"Big Man Japan": Big is Beautiful By Alf Kjetil Walgermo

in 17th Oslo Films From The South

by Alf Kjetil Walgermo

In his first film director Hitoshi Matsumoto reveals a remarkable humoristic talent. That should probably not shock those who are familiar with Japanese TV comedy. Matsumoto and his childhood friend Masatoshi Hamada formed the comedy duo “Downtown” in the 1980s. Big Man Japan (Dai-Nipponjin) is one of the most refreshing films I’ve seen in a long time. Partly documentary, partly mockumentary, partly science fiction and partly monster movie. Matsumoto’s work is both absurd and incredibly diverse.

The story is unfolding slowly during the first 30 minutes. We meet Masaru Daisatou — played by Matsumoto himself — in a film which seems to be a documentary on his everyday life. He has broken up with his wife and likes to eat power noodles. Questions are asked directly from the man filming with a hand-held camera; Daisatou mumbles when he answers, sharing thoughts about folded umbrellas: “I like how they get big when you need them.” After half an hour this sentence gets an additional meaning. Daisatou receives a mystic phone call, and there soon follows a fascinating twist of genre; suddenly we’re thrown into the midst of a monster attack. A big creature called Squeezy Baddie attacks the skyscrapers of Tokyo, Daisatou himself has been powered up to become 30 meters tall: He is Dai-Nipponjin, a superhero fighting the computer generated Baddie. It’s quite hilarious. The monster, the first out of many, eventually loses the fight against the big man in purple underpants. Dai (meaning “big”) has yet again saved Japan from harm. But the citizens really don’t care; ratings are low.

It’s pretty unclear whether this is happening in real life or not. Soon we get to know that Dai really is the star in a popular TV show. But the threads are not pulled together.

Matsumoto also wrote the film’s screenplay, together with Mitsuyoshi Takasu. Matsumoto manages to keep up the interest for almost the whole film — it is perhaps a bit too long, almost two hours. But what is he trying to tell us? Is he only joking? Is it media criticism? Frankly, I don’t really know, but the film leaves the doors open for different interpretations.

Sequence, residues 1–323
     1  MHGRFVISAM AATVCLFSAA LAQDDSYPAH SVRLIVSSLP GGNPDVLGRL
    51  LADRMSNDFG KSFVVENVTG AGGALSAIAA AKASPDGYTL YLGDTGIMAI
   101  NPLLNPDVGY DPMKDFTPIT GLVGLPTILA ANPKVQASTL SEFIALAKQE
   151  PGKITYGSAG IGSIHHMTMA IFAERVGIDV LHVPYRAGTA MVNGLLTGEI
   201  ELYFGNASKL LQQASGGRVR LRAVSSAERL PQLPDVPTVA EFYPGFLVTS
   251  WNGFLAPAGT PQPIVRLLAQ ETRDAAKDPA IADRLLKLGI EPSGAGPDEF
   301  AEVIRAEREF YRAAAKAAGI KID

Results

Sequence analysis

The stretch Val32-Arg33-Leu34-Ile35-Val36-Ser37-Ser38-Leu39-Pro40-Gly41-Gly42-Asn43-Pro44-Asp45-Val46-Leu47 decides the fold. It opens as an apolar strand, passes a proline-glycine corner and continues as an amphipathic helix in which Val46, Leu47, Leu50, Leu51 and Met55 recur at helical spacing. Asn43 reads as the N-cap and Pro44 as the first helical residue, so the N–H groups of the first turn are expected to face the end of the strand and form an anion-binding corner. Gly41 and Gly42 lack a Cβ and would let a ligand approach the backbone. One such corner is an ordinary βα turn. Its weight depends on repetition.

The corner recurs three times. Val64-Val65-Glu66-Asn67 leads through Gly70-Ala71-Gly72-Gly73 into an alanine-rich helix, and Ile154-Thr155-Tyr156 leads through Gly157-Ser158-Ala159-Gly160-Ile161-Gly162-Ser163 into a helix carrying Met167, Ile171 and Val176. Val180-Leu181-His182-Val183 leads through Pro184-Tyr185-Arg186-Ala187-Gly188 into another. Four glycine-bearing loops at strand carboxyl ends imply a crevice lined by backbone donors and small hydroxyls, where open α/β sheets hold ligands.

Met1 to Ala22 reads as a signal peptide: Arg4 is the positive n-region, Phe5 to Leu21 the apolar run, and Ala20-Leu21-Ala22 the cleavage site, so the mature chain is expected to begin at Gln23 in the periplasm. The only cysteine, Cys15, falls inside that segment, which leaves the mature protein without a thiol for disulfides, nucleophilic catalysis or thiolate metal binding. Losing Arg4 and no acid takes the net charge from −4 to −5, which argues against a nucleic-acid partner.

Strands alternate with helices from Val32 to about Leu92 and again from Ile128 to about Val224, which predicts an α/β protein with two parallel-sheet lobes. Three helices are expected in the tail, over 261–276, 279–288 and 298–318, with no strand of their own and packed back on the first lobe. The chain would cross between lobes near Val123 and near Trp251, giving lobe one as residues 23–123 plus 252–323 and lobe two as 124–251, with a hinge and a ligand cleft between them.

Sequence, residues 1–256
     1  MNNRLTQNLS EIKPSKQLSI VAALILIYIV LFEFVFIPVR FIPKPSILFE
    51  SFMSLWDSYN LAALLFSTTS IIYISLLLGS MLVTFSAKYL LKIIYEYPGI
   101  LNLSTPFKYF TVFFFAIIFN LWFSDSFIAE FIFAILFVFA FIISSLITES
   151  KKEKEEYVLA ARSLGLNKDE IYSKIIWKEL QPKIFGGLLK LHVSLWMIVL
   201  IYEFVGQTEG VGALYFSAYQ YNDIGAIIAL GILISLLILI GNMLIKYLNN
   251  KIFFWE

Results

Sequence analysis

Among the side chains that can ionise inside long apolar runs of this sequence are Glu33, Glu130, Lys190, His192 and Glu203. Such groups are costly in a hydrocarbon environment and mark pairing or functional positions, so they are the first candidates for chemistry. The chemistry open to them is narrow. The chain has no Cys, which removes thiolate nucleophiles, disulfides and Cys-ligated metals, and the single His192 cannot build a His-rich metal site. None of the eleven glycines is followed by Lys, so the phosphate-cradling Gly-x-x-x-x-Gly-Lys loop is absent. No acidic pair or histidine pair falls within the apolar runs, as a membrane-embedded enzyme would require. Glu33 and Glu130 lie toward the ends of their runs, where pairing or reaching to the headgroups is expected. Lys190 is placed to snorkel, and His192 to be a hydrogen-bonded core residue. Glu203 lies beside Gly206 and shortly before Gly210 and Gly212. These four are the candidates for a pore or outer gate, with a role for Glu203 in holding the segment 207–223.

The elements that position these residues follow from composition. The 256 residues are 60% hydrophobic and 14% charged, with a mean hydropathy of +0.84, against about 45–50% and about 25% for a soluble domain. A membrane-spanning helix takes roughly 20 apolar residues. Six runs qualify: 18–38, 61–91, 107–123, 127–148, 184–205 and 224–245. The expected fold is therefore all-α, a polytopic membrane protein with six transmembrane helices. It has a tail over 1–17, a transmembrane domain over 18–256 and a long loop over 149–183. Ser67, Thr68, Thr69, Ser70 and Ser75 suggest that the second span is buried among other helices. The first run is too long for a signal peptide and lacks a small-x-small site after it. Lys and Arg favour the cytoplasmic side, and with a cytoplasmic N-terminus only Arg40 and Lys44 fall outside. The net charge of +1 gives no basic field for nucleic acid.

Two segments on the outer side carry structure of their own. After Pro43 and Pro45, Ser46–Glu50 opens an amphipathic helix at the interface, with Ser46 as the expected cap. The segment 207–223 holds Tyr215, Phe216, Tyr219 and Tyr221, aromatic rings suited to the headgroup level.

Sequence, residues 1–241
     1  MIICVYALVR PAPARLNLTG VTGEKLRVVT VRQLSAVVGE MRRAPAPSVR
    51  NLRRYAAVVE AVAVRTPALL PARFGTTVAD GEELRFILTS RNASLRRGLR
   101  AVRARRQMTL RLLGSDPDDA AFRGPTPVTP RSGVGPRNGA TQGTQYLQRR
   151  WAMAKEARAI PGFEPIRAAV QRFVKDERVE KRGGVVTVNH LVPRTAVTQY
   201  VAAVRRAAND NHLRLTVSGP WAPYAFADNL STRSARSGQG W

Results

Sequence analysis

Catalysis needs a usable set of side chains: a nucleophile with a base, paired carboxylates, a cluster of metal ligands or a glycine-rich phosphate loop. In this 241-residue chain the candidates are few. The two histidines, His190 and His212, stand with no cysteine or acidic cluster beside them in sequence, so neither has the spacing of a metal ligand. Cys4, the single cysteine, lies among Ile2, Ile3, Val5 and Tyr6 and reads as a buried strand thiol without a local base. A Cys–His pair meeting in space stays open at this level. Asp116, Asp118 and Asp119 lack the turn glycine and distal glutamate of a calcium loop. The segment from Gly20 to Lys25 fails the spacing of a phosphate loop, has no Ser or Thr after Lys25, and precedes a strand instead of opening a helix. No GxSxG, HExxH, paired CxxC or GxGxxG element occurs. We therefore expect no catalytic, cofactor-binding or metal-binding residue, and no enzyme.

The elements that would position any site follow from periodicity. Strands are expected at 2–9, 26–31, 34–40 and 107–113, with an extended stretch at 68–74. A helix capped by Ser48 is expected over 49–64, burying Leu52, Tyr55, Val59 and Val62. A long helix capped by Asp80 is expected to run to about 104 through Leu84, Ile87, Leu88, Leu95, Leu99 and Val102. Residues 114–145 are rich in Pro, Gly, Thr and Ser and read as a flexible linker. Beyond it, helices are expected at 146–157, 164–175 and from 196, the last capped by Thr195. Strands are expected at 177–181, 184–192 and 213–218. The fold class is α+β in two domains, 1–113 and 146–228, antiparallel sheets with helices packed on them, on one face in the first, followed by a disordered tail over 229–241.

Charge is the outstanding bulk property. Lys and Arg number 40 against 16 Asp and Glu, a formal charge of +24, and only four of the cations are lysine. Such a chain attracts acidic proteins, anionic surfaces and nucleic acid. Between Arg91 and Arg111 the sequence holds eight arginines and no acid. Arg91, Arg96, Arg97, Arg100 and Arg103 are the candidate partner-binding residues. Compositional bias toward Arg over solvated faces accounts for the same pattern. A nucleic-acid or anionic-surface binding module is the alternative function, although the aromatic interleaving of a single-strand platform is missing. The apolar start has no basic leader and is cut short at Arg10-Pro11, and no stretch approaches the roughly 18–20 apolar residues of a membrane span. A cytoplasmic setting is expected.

Dai’s grandfather, mainly referred to as “The Fourth”, is still important to him. The Fourth was Dai’s predecessor as the Big Man, but is now in a home for elders. Still: Before the two hours have passed, granny has also been powered up to fight baddies — with not much luck.

Both funny and interesting is the fact that everything seems so usual to the main character himself and the people around him. Matsumoto plays it like Bill Murray’s younger brother from Tokyo. Dai possibly becomes indifferent to his own life doing all the power-ups: one could say, lost in translation.

At some point during the film, the “documentarist” says to Daisatou: “I don’t understand you!” I’ll guess that many viewers would say the same thing after watching this strange mixture — even I am not quite sure I got it. But the kind of neo-gothic irony also makes sense. The commentaries on different aspects of modern society come tighter than the pack of baddies. One example: Dai Nipponjin’s big body is being used for commercials. Therefore, his agent is glad when Dai at some point is running away from his strongest enemy: Everybody could see the sponsor’s logo on his back!

The film is packed with jokes, and most of them are funny. The potentially emotional parts also get messed with; nothing is sacred for Matsumoto. When Daisatou sees his daughter on her birthday, she’s pixelized — a claim from the mother. The ending is just as absurd as the rest of the film, but seems to cast new light on what has been going on at the TV show. Do not be too sure, though: Matsumoto’s main idea is to amuse and surprise. I think he succeeds. Overall, Big Man Japan is an original, humoristic and interesting work. It could be big not only in Japan.